Marie only has 3 cents and 5 cents stamps. If she needs 10 cent postage, she can use two 5 cent stamps. If she needs 11 cents postage, she can use two 3 cents stamps and one 5 cent stamp. What postage between 5 cents and 20 cents can she not make?

Some numbers on a digital clock read the same backwards as they do forwards. For example: 5:06, 12:21, 11/11. How many students are there that do that on a digital clock from 1P.M. to 2 P.M? (Numbers or words that are read the same backwards as forwards are called palindromes.

Fifty-one bags of sugar had to be put into bags. Some are 4-pound bags, and some are 5-pound bags. The least number of full bags necessary to hold all 51 pounds of sugar is?

There are 9 equal stacks of books. One class takes 4 stacks and another class takes 5 stacks. The class that has 4 stacks has 28 books altogether. How many books does the other class have altogether?

Nicole has a clock that chimes. At a quarter past the hour it chimes once. At half-past the hour it chimes twice. At three-fourths past the hour it chimes three times and at each new hour it chimes that number of times. How many chimes will Nicole hear from five minutes to three until five minutes after 4?

IF 15 + A = 21, how much is 15 – A?

Answers:

(a) Friday Because the 1^{st}, 8^{th}, 15^{th,} 22^{nd}, 29^{th} will be on a Wednesday. There will be 5 Fridays that month (the 3^{rd}, 10^{th}, 17^{th}, 24^{th}, 31^{st}).

(7 cents) She can make 8 cents, 9 cents and 10 cents. Once she can make three in a ow, the next 3 amounts (11 cents, 12 cents, 13 cents) are made by adding a 3-cent stamp. She can make any amount of postage greater than 7 cents.

To get to the least number of bags you use as many 4-pound bags as possible up to 51. (12 X 4 = 48) and one 3-pound bag to get to a total of 51. Answer: Least number of bags is 13 (12 +1)

There are 9 equal stacks of books. One class takes 4 stacks and another class takes 5 stacks. The class that has 4 stacks has 28 books altogether. How many books does the other class have altogether?

IF 28 books means each stack has 7 books (4 X 7). Then 5 stacks would also have 7 books each for a total of 35 books.

(13) She hears the following # of chimes: 3:00(3), 3:15(1),3:30 (2),3:45 (3) 4:00(4)

(9) A must be 6 so that 15 +A (6) = 21. SO, 15 – 6 = (9)

Don’t forget to check in NEXT MONTH for more Enrichment Problems

Welcome to the 6th month of threeringsconnections.orgMonthly Math Enrichment Problems post, Each month I post some Math Enrichment problems for grades 2-3. I hope you will find them useful with your students in class or your kids at home.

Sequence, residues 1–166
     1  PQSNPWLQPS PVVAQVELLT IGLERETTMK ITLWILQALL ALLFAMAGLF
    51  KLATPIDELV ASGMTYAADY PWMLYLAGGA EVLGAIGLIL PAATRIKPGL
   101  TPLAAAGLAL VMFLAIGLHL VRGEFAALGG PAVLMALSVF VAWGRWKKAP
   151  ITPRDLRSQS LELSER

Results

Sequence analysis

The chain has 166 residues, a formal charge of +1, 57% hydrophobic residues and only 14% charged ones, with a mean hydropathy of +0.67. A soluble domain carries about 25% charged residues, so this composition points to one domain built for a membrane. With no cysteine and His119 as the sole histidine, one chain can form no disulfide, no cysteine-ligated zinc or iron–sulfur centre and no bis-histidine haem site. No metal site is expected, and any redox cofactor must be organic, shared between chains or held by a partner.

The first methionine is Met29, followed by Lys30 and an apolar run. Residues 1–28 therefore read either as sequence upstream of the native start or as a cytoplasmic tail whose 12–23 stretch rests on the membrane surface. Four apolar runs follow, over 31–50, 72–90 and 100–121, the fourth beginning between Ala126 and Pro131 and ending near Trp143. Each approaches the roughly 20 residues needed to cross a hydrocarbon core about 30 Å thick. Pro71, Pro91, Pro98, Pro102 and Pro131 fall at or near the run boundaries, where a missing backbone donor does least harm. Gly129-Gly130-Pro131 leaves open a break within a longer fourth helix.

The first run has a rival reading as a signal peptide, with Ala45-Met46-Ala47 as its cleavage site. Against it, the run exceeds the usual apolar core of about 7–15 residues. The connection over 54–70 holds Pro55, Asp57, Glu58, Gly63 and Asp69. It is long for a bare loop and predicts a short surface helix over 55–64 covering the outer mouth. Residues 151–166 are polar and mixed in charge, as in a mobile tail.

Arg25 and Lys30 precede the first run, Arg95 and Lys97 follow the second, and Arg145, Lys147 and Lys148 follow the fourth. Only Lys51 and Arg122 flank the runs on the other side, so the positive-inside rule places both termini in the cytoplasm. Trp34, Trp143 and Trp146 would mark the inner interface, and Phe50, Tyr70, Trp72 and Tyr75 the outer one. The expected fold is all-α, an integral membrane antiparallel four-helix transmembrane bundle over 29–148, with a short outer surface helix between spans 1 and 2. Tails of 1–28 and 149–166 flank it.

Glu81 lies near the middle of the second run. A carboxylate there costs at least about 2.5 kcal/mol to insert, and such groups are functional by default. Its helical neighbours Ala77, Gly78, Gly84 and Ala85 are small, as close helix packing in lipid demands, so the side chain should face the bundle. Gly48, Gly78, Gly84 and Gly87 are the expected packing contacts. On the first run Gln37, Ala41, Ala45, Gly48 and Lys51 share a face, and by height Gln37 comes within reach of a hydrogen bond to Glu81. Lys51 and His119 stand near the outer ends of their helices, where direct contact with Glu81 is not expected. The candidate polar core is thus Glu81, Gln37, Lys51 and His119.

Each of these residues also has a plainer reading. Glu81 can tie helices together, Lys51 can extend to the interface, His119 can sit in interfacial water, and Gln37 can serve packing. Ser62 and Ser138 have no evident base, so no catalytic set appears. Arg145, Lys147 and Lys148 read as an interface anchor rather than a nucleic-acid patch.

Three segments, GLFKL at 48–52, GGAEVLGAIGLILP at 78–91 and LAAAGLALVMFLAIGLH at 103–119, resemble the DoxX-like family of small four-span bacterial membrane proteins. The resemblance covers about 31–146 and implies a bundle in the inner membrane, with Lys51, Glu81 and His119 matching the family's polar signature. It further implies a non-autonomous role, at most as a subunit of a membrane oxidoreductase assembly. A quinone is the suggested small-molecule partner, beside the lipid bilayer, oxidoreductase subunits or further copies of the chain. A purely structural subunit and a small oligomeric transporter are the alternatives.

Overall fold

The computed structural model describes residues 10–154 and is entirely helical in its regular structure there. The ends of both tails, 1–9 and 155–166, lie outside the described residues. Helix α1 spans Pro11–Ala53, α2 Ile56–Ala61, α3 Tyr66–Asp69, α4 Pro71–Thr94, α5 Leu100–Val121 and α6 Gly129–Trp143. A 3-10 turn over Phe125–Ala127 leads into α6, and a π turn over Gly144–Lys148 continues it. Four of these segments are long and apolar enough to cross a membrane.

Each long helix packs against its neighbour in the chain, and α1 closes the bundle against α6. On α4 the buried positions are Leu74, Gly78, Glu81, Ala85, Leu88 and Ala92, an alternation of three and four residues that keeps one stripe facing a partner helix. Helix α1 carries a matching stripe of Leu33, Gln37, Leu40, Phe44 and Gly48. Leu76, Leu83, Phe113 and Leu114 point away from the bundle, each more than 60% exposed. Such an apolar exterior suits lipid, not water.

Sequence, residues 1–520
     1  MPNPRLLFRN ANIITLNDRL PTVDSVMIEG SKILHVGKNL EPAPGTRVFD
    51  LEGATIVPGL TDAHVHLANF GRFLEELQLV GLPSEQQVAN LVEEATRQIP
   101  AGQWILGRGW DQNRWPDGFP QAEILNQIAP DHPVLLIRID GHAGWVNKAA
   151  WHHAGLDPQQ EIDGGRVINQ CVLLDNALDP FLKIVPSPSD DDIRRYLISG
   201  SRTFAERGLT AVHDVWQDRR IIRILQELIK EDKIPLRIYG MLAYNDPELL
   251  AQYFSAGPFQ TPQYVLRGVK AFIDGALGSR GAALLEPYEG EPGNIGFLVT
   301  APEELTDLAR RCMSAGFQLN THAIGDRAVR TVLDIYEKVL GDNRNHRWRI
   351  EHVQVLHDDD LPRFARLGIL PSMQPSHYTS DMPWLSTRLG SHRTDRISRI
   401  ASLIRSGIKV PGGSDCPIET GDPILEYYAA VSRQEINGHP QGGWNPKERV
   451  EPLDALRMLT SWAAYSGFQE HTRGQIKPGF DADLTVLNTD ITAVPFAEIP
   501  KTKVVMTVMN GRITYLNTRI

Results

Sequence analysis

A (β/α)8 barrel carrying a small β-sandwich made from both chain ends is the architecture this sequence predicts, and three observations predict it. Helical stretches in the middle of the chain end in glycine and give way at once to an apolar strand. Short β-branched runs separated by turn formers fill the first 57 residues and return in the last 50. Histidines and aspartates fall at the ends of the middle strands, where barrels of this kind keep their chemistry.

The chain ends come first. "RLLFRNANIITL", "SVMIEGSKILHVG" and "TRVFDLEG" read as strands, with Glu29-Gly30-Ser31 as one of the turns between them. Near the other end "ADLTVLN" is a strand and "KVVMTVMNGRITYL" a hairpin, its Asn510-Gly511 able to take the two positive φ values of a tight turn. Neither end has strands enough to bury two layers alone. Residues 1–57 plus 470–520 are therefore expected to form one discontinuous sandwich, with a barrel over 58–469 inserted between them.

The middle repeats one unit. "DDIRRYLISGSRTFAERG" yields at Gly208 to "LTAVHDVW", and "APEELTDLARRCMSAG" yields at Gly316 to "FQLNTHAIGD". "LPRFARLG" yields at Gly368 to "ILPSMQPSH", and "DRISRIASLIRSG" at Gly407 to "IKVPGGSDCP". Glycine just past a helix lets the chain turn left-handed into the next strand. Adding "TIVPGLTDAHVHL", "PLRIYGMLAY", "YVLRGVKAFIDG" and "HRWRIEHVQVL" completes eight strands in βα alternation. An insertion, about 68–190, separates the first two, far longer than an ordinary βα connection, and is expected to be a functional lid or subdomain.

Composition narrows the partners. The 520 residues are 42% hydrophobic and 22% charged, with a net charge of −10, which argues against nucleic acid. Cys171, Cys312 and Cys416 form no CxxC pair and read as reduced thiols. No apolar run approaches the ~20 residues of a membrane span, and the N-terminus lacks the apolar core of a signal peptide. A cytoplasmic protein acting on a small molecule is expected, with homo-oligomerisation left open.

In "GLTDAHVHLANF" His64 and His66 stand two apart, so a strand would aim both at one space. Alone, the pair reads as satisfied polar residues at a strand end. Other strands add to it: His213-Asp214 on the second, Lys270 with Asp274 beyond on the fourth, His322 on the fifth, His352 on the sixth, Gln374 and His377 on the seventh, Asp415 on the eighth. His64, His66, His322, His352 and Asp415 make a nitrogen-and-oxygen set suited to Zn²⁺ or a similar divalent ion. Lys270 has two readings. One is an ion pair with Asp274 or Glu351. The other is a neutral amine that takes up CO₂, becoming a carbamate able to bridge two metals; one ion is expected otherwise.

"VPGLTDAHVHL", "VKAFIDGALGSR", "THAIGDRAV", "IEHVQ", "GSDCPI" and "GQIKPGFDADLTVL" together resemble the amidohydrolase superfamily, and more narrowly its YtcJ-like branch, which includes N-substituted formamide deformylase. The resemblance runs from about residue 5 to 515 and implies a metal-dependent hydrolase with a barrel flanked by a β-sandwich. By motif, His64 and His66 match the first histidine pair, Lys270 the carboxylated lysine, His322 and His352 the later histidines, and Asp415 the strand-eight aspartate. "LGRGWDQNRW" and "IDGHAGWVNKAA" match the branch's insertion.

Don’t forget to use 1 of your 6 problem solving strategies

Draw a picture

Guess and Check

Use a table or list

Find a pattern

Logical reasoning

Draw a picture Working backwards (try a simpler version first)

Problem Solving – Here we go!

It was Jerry’s birthday. He bought 26 cupcakes. He gave one cupcake to each member of his class, one to his teacher, one to his principal, and one each to the two secretaries in the office. He also had a cupcake. All the cupcakes are gone. Including Jerry, how many students are in the class?

When Donna calls Noreen on the phone the call usually lasts 12 minutes. Last night they talked on the phone for 1 minute more than twice the time they usually spend on the phone. Last night’s phone call lasted ___ minutes.

There are 5 numbered lockers outside Brooklyn’s classroom. She opened all 5 lockers. Then Meghan closed lockers 2 and 4. Emily changed locker 3. (That means if it was open, she closed it or if it was closed, she opened it.) Teagan changed locker 4 and Abby changed locker 5. Which numbered lockers are still open?

Some 2^{nd} and 3^{rd} graders entered a total of 32 poems in the Poetry Contest. Five 3^{rd} grade students entered 4 poems each. The 6 remaining 2^{nd} grade students entered the rest of the poems. If each of the 2^{nd} grade students entered the same amount of poems, how many poems did each 2^{nd} grader enter.